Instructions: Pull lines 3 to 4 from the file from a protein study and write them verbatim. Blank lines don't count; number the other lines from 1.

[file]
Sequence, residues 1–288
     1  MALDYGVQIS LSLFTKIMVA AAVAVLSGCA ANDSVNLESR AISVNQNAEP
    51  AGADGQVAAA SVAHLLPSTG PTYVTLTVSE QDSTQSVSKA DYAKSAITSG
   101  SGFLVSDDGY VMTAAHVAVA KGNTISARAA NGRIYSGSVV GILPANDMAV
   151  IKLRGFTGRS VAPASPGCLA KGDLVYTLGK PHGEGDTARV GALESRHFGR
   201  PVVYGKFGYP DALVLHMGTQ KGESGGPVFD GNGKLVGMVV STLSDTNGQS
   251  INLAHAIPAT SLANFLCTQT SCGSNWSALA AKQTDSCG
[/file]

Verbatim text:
    51  AGADGQVAAA SVAHLLPSTG PTYVTLTVSE QDSTQSVSKA DYAKSAITSG
   101  SGFLVSDDGY VMTAAHVAVA KGNTISARAA NGRIYSGSVV GILPANDMAV